Getting Started in the Cattle Business
Young cattle producers give tips to getting started in the cattle industry.
LOVELAND, Colo. (Nov. 18, 2015) — The average age of farmers has been in the 50s since 1974, and it is increasingly difficult for younger cattlemen to enter the industry because of the huge capital resources necessary. However, that doesn’t mean it is impossible.
Moderated by Jason Ahola, associate professor in animal science at Colorado State University, a panel of Brandon Peterson, Peterson Angus, Alcester, S.D.; Zach Thode, Livermore, Colo.; and Scott Miller, USDA Farm Service Agency (FSA), explained options for young producers to enter the beef industry. They spoke at the Range Beef Cow Symposium in Loveland, Colo., Nov. 17-19.
Brandon Peterson, Peterson Angus, Alcester, S.D.
Peterson grew up on a diversified livestock operation and admitted he initially wanted to go back to the farm after college because that was the easy answer. While studying animal science at South Dakota State University and playing football, he said a coach inspired him to dream a big dream beyond college and to write it down. He decided he wanted to own 500 Angus cows after college, though he didn’t know how he was going to do it.
He started by buying five registered-Angus females with a loan cosigned by his father during college. His herd increased to 10 females by the end of college. He couldn’t immediately return to the farm, so he started his career as a nutritionist. He met a mentor who allowed his to sell four bulls at the end of his sale. A few years later, he and a partner hosted their first production sale, which was largely unsuccessful. He went back to his vision and kept moving forward.
Through struggles, Peterson Angus has become a successful seedstock operation, and Peterson shared some lessons and observations. Define your program and write your business plan down. Know that education never ends, and commit to keep learning new things. Embrace change and expect adversity.
Thode came from an unconventional background, having “hippy parents,” though he grew up around ranches. He earned an engineering degree and manages a ranch. He recommended making all opportunities work by looking at all possibilities in each situation. For instance, he trades hunting rights for fence building or other work on the ranch.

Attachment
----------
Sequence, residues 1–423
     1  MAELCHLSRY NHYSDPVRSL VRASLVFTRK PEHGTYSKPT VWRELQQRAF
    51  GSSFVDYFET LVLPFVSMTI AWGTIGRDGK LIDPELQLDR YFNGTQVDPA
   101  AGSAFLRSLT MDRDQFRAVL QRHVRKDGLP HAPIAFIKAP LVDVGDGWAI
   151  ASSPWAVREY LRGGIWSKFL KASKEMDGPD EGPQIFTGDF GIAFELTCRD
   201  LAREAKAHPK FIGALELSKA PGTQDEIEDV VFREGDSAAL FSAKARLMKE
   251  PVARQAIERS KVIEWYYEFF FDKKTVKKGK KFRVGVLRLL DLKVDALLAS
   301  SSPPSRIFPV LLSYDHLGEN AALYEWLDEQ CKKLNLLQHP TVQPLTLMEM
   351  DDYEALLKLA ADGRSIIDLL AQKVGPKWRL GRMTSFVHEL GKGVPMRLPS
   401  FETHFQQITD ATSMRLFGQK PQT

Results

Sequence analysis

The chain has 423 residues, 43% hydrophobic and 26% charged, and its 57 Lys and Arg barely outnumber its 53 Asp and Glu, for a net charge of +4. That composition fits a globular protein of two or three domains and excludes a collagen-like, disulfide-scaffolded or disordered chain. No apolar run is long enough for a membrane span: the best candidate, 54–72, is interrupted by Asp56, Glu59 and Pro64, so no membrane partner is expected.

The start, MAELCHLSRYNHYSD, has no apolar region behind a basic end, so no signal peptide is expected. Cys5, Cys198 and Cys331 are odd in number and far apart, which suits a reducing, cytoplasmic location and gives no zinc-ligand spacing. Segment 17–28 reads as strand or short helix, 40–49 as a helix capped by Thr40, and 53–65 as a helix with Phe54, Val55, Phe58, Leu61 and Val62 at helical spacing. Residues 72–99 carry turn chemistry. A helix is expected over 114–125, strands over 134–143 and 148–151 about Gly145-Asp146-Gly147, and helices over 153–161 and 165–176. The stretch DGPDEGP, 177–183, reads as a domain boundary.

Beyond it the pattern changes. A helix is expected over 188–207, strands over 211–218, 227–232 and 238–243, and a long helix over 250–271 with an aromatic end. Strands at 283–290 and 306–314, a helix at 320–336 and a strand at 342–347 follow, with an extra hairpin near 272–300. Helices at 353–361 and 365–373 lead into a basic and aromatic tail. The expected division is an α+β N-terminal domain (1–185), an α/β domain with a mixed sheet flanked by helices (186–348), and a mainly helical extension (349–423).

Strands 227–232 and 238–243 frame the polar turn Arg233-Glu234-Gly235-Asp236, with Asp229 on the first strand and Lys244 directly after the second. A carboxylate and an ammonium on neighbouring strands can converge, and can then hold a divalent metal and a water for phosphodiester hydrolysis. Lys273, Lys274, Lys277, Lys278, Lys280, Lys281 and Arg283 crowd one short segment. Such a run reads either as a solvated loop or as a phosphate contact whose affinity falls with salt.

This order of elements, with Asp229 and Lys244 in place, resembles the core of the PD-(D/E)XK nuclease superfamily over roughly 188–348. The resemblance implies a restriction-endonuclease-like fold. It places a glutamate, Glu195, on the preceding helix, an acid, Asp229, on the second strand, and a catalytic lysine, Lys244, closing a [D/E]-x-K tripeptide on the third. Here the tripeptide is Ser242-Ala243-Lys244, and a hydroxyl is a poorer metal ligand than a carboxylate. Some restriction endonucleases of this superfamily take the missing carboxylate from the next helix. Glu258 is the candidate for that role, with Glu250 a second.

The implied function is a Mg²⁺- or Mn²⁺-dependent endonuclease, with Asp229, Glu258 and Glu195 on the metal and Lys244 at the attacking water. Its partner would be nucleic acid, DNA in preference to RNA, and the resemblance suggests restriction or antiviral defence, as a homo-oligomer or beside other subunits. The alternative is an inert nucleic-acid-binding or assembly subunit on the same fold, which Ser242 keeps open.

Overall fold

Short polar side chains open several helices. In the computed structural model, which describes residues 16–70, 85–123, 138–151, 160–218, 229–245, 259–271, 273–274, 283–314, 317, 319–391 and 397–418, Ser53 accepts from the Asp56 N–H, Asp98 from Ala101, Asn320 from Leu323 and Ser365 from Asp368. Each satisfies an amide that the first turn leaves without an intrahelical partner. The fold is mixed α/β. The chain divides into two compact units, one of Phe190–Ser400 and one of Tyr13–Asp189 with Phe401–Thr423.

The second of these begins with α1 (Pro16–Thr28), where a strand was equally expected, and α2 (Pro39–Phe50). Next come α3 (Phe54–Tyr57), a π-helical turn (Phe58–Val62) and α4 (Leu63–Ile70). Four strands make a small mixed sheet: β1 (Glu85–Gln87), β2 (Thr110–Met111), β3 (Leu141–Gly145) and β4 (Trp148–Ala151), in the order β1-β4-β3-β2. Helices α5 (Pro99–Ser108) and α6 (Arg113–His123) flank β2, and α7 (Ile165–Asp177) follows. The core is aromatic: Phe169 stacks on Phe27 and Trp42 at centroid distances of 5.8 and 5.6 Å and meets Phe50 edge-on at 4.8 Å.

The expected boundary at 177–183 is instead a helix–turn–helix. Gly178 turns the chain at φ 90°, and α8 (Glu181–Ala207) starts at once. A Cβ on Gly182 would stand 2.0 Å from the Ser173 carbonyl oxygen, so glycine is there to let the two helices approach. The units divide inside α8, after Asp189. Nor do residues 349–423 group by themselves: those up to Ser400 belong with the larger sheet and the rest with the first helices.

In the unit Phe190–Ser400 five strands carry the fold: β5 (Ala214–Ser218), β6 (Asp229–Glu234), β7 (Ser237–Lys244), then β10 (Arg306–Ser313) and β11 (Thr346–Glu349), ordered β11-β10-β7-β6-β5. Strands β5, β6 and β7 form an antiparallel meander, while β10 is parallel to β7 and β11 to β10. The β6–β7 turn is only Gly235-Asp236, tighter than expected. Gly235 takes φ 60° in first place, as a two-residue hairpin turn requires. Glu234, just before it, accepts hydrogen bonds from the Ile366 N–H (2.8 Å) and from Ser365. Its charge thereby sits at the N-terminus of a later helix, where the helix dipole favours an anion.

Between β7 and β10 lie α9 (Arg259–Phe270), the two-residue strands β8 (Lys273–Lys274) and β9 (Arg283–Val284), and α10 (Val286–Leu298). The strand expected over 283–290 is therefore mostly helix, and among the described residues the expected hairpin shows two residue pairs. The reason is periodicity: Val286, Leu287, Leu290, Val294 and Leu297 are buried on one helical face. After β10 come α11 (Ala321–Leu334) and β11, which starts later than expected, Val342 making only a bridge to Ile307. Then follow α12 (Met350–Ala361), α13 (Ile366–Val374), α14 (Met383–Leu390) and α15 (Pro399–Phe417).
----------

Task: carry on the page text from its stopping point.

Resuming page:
Scott Miller, USDA Farm Service Agency (FSA).
Don’t be afraid to take chances, he advised young producers.
Leverage what you have. “Find ways to let each dollar work for you more than once,” he suggested. By paying attention, you could find used equipment for much cheaper and just fix it.
More importantly, use relationships to grow the network around you to maximize those opportunities. He cited using conservation easements to your advantage by helping find funding for projects like fencing, livestock water and irrigation improvements.
Leave pride at the door, which can be hard for young producers, he granted. “Understand your wants and pursue your needs.”
Always remember that doing what is honorable is always better than making a quick buck, because a reputation is forever, he added.
Miller explained a few funding options for beginning farmers and ranchers through FSA loan and farm programs. The FSA targets a portion of loan funds to beginning farmer and ranchers, which is not age-based, just experience-based. Beginning farmers and ranchers can not have operated the farm or ranch for more than 10 years; not own a farm greater than 30% of the average size of farm in their county by the most current Census for Agriculture; meet loan eligibility requirements; and substantially participate in the operation.
For more information about FSA funding options, he suggested meeting with a local FSA agent or by visiting www.fsa.usda.gov/FSA/webapp?area=home&subject=prod&topic=bfl.
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